Help fight melanoma to remember young skin cancer victim

Remembering Tara Miller

- If you think melanoma is a skin cancer that’s easy to remove, then you’re in for a shock.

FOX 29 first introduced you to Tara Miller in July, 2014. She had a bump behind her ear.

"It was starting to hurt to eat. I thought it was just kind of from my earring or something,” the Longport, Atlantic County, woman said.

She was just 29 years old and sadly, she was wrong about the bump. It was something much more serious.

"I went to a doctor who ordered a C.T. and it came back as something suspicious,” Miller explained, “so they did a needle biopsy and that came back as melanoma."

The diagnosis was especially a shock because Miller always made a point of getting yearly skin checks, and applied sunscreen whenever she went outside.

"I was like, how did I get melanoma? It felt like a lump. Isn’t melanoma in the skin? But later down the road, they figured it was actually a mole that started up here," she said, pointing to her forehead.

Melanoma is actually one of the most serious forms of skin cancer for young adults, ages 25 to 29.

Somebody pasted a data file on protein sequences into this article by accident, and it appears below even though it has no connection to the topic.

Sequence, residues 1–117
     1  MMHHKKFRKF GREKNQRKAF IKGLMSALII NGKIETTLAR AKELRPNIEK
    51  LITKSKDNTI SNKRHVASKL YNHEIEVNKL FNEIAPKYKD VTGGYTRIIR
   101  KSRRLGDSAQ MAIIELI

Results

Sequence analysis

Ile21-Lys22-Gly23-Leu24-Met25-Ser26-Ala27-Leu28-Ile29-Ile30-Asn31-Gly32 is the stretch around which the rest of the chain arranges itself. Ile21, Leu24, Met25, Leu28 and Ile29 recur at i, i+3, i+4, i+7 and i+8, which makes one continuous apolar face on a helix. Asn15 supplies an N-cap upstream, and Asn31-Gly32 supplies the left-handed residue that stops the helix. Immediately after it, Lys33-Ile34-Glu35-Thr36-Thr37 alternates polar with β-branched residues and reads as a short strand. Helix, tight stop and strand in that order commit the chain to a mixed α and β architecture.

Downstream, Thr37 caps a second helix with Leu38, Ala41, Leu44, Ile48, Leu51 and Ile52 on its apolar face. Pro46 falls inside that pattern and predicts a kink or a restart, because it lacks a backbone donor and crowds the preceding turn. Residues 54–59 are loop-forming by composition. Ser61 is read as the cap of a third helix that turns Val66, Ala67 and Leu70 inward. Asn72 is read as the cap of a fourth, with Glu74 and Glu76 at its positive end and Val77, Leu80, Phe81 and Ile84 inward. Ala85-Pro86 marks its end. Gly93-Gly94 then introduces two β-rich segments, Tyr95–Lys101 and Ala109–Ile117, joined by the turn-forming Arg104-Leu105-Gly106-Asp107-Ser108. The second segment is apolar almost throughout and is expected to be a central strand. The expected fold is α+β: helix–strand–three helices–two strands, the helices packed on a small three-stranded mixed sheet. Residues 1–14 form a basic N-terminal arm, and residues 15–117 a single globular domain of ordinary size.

Her twin sister Lauren Miller said, "What started as a mole in the past, 11 months, has also turned into 14 brain tumors and four spots in her lungs and lymph nodes.”

Sadly, Tara Miller lost her battle with melanoma months after that interview, in October, 2014. That was despite having what her family called the best doctors in the world.

Now, her parents George and Debbie -- and sisters Kristi and Lauren – discussed the Tara Miller Melanoma Foundation to raise awareness, raise money for research, and to keep her memory alive.

They told FOX 29’s Mike Jerrick Tara’s death is still hard to believe and encourage everyone -- especially down the shore -- to get checked by a doctor, since melanoma can go deep into the body and be difficult to remove.

“I think the perception of melanoma is just something on the skin and maybe you can have it removed, but it's a much more serious and deadly form of cancer," Lauren Miller said.

So far, the foundation has raised more than $1 million and donated almost $950,000 for research.

An opportunity to help will be coming up Friday, June 17. The third annual Make the Best Of It Bash will be held at the Tropicana Casino Resort.

All the money raised will go towards melanoma research and it’ll be fun, as Tara’s family said she was.

Click here for the event details.

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